Figures released by the Higher Education Funding Council for England today show for the first time the potential impact of the policy to remove students with A level grades – or their equivalent – of AAB and above from the controls on places.
Under the plans announced in the recent White Paper, universities would initially lose such places, but would then be able to recruit as many students from this group as they wanted to, provided they could attract them. However, they would not be able to make up any shortfall by recruiting students with lower grades.
The Hefce data – which are based on student records for the 2009-10 academic year – show that at least eight institutions face having to compete for more than 80 per cent of their UK first-year intake.
At least nine universities had more than 2,000 AAB students from the UK and European Union in 2009-10, according to the figures.
These include the universities of Manchester, Durham, Oxford, Cambridge, Nottingham, Leeds, Exeter, Bristol and Warwick.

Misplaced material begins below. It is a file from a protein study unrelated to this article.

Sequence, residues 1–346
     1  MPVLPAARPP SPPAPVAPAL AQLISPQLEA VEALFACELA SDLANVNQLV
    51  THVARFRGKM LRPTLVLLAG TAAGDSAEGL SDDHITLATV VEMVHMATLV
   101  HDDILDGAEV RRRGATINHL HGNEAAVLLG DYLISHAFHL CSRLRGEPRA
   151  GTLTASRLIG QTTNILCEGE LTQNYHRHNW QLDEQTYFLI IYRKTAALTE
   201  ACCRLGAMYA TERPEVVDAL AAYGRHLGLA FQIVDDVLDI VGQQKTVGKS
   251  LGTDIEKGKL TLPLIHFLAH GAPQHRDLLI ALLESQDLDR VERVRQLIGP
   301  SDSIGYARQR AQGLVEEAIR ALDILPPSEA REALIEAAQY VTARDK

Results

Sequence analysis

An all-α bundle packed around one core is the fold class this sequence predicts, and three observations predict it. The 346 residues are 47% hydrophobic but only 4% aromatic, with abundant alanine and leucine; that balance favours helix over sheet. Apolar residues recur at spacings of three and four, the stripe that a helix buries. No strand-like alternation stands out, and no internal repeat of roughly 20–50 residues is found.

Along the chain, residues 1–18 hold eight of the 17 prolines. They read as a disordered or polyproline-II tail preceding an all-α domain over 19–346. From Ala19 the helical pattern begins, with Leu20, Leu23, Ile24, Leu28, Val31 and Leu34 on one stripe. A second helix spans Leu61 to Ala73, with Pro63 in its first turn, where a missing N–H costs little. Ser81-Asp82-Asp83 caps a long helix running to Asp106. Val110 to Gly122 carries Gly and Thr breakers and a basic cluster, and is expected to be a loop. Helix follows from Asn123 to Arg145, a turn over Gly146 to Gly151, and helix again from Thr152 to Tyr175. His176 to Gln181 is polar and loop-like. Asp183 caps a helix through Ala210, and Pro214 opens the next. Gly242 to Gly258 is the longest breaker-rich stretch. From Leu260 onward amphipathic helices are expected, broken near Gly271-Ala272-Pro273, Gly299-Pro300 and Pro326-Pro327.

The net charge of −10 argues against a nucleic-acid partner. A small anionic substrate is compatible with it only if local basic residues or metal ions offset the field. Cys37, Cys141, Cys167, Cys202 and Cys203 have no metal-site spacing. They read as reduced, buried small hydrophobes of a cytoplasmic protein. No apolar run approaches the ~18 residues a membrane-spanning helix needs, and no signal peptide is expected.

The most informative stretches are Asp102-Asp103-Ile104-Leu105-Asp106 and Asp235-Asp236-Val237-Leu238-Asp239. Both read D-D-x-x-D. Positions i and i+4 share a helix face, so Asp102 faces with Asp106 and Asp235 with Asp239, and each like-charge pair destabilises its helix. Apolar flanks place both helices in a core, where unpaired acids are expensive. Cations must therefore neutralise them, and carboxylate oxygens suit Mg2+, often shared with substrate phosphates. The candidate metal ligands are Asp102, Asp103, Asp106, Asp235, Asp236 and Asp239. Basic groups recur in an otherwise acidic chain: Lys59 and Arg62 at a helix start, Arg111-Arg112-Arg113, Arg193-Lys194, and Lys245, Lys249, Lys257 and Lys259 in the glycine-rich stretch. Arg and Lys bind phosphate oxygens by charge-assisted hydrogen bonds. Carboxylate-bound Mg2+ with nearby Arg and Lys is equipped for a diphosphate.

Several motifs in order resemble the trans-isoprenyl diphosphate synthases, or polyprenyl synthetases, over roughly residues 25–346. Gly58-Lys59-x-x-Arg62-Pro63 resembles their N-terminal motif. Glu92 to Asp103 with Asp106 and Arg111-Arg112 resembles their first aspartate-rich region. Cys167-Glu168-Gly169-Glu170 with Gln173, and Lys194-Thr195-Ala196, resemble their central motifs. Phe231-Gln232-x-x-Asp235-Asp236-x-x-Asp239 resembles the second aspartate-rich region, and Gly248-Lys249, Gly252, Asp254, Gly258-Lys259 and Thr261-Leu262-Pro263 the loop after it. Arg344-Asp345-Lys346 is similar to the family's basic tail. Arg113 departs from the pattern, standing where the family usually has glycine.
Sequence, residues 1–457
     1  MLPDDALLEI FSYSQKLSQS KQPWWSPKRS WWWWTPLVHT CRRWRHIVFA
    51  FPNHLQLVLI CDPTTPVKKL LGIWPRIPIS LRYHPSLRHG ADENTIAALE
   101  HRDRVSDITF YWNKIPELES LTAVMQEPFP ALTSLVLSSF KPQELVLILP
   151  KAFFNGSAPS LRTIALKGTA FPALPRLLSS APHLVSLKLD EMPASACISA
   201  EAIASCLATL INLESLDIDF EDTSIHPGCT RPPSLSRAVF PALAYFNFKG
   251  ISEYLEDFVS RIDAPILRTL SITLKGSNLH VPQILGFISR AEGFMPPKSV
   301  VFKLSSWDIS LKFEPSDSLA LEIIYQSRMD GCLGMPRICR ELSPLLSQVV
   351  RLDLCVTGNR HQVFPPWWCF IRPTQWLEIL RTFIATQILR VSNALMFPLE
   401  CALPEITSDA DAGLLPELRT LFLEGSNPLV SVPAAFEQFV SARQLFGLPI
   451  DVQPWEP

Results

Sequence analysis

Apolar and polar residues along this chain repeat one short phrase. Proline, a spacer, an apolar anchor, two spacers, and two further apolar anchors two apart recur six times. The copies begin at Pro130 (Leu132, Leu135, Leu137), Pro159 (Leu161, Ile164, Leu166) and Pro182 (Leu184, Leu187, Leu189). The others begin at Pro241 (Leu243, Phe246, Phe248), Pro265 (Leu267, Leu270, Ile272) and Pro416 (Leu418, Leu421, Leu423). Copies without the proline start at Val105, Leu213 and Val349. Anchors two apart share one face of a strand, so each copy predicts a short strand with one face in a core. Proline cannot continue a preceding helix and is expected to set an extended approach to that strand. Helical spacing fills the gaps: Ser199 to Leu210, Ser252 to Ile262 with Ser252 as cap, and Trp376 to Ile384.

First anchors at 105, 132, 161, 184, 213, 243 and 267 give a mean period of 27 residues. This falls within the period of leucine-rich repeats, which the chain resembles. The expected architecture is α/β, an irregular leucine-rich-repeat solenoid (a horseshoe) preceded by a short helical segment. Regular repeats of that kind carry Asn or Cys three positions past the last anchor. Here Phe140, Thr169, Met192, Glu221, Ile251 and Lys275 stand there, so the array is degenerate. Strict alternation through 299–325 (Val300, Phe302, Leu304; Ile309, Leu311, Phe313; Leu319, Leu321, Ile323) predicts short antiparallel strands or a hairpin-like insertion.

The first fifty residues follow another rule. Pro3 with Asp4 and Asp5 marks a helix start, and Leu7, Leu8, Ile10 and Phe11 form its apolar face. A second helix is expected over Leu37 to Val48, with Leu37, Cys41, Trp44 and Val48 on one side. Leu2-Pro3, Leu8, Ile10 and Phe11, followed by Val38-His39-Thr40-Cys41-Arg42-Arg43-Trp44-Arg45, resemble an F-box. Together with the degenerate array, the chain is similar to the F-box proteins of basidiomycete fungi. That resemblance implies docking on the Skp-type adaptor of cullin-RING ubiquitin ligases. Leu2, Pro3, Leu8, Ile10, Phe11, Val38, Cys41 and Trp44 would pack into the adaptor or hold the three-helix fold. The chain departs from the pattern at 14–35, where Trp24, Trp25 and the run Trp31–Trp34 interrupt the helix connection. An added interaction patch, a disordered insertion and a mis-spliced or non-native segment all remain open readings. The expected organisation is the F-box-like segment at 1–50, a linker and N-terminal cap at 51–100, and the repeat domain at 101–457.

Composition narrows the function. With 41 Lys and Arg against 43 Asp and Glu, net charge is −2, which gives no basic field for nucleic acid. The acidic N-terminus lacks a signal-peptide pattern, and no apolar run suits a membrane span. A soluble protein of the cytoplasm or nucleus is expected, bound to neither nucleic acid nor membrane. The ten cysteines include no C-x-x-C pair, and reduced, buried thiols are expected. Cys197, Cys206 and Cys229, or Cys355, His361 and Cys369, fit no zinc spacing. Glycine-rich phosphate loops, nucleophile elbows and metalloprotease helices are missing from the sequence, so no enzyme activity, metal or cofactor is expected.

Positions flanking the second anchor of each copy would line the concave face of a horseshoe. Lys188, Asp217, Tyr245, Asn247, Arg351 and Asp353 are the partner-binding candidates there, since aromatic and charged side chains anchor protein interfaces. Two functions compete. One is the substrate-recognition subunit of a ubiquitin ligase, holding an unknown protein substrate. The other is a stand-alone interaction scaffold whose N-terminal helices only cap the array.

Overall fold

However, the modelling also shows that many more institutions from across the sector will still face losing a large number AAB places and having to compete to win them back.
Examples include the University of the Arts London, which had 430 AAB students from the UK and EU in 2009-10, Nottingham Trent University (357), Brunel University (325) and the University of Plymouth (8).
In total almost 80 institutions had more than 100 students from the UK and EU with grades of AAB and above, or their equivalents.
Hefce stresses that the figures are indicative because the final decision for 2012-13 will be based on data from this year, and the 2009-10 statistics show there are large number of students whose grades and qualifications were unknown.
The 2009-10 figures indicate that around 56,000 students gained A level grades of AAB or higher, but the government is forecasting that this will rise to about 65,000 in 2012-13.